Weaning guide Mamas & Papas blog
As mothers, we always want to do what is best for our children, but quite often we can end up feeling rather overwhelmed. Especially when we start thinking about introducing solid food into their diets to start the weaning process. With a lot of different opinions floating around the web and our inner circle of family and friends, when should a mother plan to tantalise her little one's taste buds? To help make the transition smoother, we asked Malaak Mama & Baby Care’s Lead Parent Educator Cecile, to share her advice and tips on the topic. Below are some guidelines you can follow while learning and listening to your baby’s preferences and keeping in mind your cultural diet.
Baby weaning

When should I start weaning?

blah You can start complementary feeding your little one when they are between 17-26 weeks old, as long as they demonstrate some signs that they are ready for the process. Notice if they have learned how to sit independently with support, hold their head upright, have lost the tongue thrust reflex and demonstrate hand-to-mouth coordination. Additionally, they might start showing an interest in the food you are eating and develop the ability to refuse food if they are not hungry. These subtle indications from your baby will confirm that it is the right time to start weaning.

Baby eating solid food

What products do I need before starting weaning?

While the change to solid foods can be a messy and challenging affair, having some of the below products will make it an easier and safer experience for your baby. First and foremost, invest in a highchair that has a footrest to support your little bundle of joy. Our extensive range of baby highchairs includes options that are functional, comfortable and stylish in various colourways, patterns and designs to choose from. Other must-haves are bibs, soft spoons, suction bowls, a weaning mat and your baby’s first cup. You can also look into purchasing food steamers and processors to make preparing food for your little one easier.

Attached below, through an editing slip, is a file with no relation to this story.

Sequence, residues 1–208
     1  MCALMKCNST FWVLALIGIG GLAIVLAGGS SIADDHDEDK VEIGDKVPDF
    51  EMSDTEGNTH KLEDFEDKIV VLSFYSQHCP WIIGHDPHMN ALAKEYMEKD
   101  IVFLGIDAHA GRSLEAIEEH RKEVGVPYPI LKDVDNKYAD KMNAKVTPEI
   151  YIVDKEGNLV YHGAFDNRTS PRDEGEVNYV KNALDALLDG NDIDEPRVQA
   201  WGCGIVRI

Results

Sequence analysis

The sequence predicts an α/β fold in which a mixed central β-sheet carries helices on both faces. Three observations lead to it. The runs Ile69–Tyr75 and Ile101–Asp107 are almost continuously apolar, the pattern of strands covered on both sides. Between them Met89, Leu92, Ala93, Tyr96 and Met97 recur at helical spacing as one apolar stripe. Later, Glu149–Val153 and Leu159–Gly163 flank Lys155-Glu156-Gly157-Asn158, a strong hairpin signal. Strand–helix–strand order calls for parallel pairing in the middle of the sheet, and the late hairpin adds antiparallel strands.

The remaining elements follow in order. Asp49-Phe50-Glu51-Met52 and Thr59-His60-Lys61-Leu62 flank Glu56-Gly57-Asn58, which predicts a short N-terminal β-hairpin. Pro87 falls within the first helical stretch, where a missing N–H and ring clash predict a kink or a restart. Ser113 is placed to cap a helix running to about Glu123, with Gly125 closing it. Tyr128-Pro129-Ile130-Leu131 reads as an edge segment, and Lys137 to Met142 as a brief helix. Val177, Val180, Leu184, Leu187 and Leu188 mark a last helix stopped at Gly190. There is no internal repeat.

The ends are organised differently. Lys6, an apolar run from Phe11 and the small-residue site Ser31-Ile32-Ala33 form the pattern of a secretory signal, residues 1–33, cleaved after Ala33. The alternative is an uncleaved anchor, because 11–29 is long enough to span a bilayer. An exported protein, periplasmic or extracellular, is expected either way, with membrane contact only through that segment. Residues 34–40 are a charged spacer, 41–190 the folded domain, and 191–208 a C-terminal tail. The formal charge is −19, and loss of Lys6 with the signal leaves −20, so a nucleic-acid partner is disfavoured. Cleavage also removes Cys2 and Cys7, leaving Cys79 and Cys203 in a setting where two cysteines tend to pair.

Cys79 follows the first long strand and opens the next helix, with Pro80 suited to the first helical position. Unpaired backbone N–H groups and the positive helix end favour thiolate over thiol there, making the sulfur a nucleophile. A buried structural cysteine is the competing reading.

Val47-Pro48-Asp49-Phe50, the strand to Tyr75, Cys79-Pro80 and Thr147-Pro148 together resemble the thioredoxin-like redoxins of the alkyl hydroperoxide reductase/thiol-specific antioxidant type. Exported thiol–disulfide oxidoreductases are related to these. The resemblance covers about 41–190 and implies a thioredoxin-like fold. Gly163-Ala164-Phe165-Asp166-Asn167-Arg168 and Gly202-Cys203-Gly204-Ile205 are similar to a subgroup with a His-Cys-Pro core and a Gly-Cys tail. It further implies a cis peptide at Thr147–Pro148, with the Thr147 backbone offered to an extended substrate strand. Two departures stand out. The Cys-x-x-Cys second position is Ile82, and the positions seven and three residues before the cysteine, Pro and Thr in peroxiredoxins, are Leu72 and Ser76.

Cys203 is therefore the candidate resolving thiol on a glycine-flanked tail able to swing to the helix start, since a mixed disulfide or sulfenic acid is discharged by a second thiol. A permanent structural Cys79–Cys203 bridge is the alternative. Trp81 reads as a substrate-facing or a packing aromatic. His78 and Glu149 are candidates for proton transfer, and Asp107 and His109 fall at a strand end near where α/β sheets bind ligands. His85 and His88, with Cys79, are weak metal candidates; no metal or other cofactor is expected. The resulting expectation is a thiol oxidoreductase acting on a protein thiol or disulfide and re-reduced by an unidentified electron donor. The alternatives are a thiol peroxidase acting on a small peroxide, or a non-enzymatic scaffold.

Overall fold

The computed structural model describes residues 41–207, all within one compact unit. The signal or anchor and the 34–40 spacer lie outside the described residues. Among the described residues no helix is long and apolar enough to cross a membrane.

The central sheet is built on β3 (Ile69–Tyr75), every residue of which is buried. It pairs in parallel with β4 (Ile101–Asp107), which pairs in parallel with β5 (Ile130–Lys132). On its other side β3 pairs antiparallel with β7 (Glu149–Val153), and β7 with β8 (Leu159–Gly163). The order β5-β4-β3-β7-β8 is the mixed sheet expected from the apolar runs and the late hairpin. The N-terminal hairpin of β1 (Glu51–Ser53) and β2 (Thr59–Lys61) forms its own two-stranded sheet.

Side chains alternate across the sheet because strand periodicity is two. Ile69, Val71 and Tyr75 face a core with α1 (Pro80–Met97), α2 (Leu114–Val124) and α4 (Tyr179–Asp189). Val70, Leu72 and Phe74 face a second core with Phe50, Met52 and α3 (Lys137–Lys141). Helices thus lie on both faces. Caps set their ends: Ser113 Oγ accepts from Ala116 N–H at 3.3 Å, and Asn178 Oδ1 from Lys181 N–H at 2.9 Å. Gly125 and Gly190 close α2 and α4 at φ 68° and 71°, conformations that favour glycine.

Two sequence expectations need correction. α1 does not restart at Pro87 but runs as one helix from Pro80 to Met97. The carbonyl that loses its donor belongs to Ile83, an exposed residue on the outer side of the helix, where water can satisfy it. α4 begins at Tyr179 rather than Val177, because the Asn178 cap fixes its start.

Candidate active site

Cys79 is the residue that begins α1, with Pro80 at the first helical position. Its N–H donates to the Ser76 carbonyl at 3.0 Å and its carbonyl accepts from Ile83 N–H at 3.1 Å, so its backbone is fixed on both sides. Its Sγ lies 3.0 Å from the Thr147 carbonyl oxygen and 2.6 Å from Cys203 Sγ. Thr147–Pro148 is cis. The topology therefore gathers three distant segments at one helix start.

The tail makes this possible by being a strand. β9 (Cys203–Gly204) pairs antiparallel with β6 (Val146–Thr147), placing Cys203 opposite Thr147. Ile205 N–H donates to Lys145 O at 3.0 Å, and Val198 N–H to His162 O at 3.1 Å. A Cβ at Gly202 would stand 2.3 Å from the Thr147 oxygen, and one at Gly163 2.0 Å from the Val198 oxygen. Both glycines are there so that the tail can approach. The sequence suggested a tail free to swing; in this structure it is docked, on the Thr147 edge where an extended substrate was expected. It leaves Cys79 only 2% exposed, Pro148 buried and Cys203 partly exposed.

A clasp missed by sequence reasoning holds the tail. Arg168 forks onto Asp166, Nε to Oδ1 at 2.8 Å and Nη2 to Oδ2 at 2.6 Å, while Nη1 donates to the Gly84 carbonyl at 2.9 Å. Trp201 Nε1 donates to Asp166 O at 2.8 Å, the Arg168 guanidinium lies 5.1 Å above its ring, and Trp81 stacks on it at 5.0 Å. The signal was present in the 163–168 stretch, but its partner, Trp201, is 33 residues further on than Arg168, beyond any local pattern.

Weaning 2.0

How to make weaning a positive experience for my infant?

To build healthy eating habits in children, it is good to start young with a positive environment that encourages them and puts them at ease. For starters, place their high chair in the same space for all meal times. We do not recommend using screen time to entertain children during their meal times. Cecile highly advises making it a fun family affair. Ideally, eating with your child allows them to mimic you. This in turn will provide them with positive associations as they learn to trust the food they are eating.

Consistency and patience are key to happy meal times, letting your little one eat at their desired pace. Allow your little one to indicate to you how much they feel like eating. They will turn away or refuse to open their mouth and even spit out food when full or no longer interested.

Your role is to ensure you offer a balanced diet resulting in regular bowel movements to avoid constipation. In case of constipation, they might be uncomfortable and become less interested in food. Cecile also recommends you attend a first-aid course to learn how to react if your little one is gagging or choking. Malaak offers informative workshops that guide parents on the subject.

Weaning foods

What foods are good for weaning?

During the first stage of weaning when they are around 6 months old, you can start with purees or soft, cooked vegetables. Some first food suggestions are avocado, sweet potatoes, apples and pears. Start slow and offer one new food at a time.

For the second stage from about 7 months, your baby can be introduced to more textures and tastes. Be mindful of flavours when combining because just like grown-ups, babies tend to like certain foods more than others. Smushed and soft food like mashed potatoes, yoghurt, cooked pasta and finger foods will help promote their mouths to chew without much difficulty.

As your baby progresses to the third stage around 9-12 months, you can start adding herbs like basil and rosemary to vegetables and spices such as cinnamon to bowls of oats and porridge to make mealtimes far more interesting. Most of all, you need to remember that every baby goes through weaning at their own pace and this process is all about learning through experimenting to understand your little one’s likes and dislikes.